Kingdom of Heaven in 2005 will be what Gladiator was in 2000. Ridley
Scott has delivered a worthy follow up to his Oscar winner, which is
also based on medieval times, with a central heroic character, and
supporting casts of characters based on history.
The sets are as spectacular, instead of just Rome and the Collesuem, we have the Middle East and Jerusalem. The costumes are beautiful, from intricately remade Knights armour, to the desert garb of the Muslim warriors. The soundtrack is a mixture of sounds with middle eastern influences, but somehow pales in comparison with Gladiator and lacks a central theme.
Much is said about how the film portrays religion, given the sensitive subject of the Crusades, but I feel that Ridley has achieved a wonderful balance between how Christianity and Islam are portrayed. Both are given fair airtime on their ideologies, and the film tries to preach (pardon the pun) about tolerance, yet highlights the dangers of fanatical followers of both religions, of misguidance from men in search of worldly power.
Which Christianity took a beating - where senseless battles are waged in the name of Christ, where insensitivity breed contempt. Preists are cast in negative light and given lines like "convert to Islam, repent later" when all around seems lost. It is emphasized in the show that what matters is in your head and in your heart - that noble actions speak louder than mere empty and repetitive "praise the Lord" chants, as if that will protect you during Judgement Day.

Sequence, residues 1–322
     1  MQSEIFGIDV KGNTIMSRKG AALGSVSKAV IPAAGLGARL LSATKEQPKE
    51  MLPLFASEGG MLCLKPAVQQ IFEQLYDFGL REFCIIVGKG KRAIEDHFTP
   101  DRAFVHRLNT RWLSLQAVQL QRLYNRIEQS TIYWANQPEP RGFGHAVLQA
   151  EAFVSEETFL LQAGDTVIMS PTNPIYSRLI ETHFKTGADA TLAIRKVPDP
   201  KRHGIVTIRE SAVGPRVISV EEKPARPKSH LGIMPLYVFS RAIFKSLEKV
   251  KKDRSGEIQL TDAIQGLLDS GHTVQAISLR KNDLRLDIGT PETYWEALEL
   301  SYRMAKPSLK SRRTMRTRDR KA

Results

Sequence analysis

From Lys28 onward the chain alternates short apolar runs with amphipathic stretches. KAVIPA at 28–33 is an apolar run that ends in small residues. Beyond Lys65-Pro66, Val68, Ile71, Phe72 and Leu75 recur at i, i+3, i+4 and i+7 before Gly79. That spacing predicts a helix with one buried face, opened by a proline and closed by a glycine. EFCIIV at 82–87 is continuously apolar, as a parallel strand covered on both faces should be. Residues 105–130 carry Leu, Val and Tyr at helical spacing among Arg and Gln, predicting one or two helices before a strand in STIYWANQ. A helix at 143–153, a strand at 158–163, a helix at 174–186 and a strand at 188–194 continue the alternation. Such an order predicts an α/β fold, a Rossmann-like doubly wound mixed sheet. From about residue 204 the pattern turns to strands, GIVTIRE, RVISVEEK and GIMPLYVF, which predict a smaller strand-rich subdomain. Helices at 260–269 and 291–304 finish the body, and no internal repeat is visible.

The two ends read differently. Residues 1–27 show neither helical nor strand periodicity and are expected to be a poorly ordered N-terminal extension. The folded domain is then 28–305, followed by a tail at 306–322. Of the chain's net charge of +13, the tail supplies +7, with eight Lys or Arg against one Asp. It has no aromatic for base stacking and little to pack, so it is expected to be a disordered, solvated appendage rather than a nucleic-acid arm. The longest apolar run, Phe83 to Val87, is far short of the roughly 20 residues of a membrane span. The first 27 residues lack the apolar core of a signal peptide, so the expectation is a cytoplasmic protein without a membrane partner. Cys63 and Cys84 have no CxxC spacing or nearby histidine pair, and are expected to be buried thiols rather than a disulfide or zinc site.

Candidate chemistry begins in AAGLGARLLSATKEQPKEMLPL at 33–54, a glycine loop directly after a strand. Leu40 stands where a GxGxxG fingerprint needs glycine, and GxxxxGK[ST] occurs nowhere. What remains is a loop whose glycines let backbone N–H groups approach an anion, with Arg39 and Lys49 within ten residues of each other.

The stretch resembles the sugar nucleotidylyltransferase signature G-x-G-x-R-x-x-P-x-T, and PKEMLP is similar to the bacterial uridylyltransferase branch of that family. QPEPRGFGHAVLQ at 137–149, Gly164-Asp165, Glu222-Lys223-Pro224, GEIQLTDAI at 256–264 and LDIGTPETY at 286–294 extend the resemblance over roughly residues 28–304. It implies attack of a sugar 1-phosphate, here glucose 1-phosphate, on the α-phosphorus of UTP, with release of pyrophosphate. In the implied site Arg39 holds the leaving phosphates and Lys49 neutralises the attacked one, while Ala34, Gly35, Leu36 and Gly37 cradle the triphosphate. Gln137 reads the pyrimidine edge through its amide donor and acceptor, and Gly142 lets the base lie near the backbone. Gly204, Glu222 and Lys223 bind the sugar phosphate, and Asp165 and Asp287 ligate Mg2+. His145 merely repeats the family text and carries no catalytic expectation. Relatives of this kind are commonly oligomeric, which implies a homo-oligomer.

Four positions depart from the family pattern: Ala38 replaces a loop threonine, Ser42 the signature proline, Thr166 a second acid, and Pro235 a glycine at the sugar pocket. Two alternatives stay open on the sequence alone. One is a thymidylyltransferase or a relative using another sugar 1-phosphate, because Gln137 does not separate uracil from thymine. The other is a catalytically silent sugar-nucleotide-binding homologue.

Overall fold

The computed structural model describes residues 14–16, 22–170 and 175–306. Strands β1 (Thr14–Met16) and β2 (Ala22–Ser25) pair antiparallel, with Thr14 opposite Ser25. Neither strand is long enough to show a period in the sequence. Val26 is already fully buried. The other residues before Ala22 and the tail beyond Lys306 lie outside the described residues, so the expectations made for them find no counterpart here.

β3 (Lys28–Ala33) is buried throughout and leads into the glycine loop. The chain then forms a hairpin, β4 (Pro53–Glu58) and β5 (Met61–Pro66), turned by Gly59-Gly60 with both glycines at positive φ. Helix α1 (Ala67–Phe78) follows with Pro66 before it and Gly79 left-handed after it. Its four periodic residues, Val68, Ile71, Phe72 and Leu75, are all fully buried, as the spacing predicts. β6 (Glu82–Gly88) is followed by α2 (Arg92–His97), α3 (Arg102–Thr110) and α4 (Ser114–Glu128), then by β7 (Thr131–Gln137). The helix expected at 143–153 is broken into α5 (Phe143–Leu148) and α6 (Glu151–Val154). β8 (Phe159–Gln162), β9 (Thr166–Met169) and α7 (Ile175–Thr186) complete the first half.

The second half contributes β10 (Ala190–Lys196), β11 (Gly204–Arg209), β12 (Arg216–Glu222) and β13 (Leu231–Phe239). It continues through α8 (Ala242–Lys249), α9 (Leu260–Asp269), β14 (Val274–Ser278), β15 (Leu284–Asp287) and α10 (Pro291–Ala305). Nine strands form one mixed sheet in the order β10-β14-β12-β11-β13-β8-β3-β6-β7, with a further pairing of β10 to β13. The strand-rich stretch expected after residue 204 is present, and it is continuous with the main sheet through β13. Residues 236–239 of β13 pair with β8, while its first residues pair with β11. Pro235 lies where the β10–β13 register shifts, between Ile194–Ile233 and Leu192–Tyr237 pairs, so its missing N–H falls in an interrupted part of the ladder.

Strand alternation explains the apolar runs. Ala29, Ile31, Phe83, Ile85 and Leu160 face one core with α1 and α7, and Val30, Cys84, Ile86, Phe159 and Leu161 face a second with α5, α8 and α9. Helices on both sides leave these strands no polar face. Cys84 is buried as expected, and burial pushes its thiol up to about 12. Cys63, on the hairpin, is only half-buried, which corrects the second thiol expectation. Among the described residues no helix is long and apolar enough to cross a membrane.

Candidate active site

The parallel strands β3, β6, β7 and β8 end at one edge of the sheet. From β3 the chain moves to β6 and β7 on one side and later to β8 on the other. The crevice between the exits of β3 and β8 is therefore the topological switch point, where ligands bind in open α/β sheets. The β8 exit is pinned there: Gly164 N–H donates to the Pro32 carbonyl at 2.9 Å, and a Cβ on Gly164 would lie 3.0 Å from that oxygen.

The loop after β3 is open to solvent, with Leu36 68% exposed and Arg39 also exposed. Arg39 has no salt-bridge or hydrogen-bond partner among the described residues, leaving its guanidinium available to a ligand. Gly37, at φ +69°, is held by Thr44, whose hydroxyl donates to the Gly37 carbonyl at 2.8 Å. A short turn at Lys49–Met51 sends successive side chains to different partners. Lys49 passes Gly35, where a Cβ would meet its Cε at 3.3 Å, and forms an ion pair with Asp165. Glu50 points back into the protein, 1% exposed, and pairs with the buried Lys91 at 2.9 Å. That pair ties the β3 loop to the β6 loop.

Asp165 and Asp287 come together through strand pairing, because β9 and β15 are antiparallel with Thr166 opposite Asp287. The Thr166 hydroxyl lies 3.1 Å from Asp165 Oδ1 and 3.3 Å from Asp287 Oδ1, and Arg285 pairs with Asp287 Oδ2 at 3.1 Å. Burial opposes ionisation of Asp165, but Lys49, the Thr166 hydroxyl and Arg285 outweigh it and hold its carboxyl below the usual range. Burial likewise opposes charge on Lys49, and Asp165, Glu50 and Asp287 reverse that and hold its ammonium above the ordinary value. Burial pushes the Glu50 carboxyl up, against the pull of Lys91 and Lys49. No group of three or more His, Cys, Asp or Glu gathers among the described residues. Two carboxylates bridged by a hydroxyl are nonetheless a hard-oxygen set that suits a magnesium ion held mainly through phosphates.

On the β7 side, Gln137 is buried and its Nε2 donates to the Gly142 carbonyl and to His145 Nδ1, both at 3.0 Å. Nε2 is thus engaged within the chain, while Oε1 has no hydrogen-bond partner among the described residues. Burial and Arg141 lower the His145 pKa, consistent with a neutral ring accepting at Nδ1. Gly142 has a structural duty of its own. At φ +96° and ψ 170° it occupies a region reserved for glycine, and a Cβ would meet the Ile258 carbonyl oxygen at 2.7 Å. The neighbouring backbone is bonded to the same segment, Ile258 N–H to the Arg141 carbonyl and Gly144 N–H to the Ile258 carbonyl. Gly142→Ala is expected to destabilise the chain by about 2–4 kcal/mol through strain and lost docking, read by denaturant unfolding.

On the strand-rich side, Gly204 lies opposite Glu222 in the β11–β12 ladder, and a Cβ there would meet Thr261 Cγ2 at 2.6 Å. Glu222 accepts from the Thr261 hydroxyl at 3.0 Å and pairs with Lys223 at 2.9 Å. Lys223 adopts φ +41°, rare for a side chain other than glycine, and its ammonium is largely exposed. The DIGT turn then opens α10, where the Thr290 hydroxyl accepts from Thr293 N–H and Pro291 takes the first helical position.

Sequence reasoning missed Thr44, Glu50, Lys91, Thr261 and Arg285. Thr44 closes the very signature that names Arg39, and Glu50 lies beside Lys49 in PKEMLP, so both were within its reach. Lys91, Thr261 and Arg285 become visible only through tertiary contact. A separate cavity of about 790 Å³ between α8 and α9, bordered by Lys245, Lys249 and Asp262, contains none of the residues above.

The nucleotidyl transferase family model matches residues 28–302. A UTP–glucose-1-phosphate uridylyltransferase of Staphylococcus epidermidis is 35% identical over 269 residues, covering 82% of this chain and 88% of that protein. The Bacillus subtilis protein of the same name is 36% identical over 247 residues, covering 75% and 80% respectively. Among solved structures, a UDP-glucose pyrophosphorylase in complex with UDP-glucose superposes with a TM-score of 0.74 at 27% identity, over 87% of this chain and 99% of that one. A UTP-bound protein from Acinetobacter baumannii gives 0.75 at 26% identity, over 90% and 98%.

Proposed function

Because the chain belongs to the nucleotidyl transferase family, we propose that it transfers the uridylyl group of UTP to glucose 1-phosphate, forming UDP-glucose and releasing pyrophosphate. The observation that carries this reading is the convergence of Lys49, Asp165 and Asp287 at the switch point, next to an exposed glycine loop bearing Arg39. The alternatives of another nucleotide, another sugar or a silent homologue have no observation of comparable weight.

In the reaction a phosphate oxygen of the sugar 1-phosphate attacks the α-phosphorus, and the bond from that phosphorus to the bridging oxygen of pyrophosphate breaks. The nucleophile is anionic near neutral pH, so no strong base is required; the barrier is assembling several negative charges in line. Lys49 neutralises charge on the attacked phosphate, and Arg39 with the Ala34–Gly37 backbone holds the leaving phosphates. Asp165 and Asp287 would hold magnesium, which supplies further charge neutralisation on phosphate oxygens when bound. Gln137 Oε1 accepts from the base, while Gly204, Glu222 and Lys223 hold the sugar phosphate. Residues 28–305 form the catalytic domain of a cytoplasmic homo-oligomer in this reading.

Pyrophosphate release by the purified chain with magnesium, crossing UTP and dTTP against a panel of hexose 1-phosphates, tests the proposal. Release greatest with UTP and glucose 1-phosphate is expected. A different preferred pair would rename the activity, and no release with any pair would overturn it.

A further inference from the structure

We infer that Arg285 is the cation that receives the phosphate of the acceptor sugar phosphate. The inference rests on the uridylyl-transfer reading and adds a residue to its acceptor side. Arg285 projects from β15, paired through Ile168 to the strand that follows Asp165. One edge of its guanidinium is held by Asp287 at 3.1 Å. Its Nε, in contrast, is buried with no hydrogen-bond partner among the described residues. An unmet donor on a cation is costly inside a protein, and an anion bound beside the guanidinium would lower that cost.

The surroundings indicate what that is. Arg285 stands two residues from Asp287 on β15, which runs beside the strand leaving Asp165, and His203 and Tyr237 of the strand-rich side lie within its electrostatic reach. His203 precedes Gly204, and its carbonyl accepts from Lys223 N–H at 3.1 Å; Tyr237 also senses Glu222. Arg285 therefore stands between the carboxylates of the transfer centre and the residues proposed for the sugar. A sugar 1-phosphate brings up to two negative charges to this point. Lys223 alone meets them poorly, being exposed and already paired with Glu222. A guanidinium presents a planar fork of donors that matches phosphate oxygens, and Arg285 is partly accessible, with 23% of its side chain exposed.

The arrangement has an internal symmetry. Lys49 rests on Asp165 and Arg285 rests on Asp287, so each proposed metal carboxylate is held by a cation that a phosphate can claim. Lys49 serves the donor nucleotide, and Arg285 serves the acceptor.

Orlando Bloom plays Balian, a blacksmith who became a fugitive, but inherited land and army from his father, Godfrey, played by Liam Neeson. The film can be broadly categorized into 3 acts - the first in which Balian searches for his identity and new life in Jerusalem, the second in which the focus is on religion and politics of the time, and the last, the spectacular siege and war.
Bloom puts up a commendable performance, so to his detractors out there, you're in for a big surprise. Edward Norton had the difficult task of acting through a mask as leper King Baldwin, and I applaud Ridley's decision of casting real Muslim actors to learn from them.
Fans of Eva Green might be disappointed that the relationship between Balian and Queen Sibylla was played down to focus on the battles, but I feel it's a fair trade off.
Firstly, some of you might not like the quick-cut-MTV style editing in Gladiator's fight scenes, especially the close ups. This is repeated here though, in a blood splattering manner. The pan-out and general landscape sweeps are mindblowing, and will leave you wanting more. Think about the battles that you see Lord of The Rings Two Towers and Return of the King - the siege on Helm's Deep and Minas Tirith - Kingdom of Heaven delivers the equivalent, probably even better (without the fantasy elements). This is one medieval war movie whose battles will stick in your mind for some time.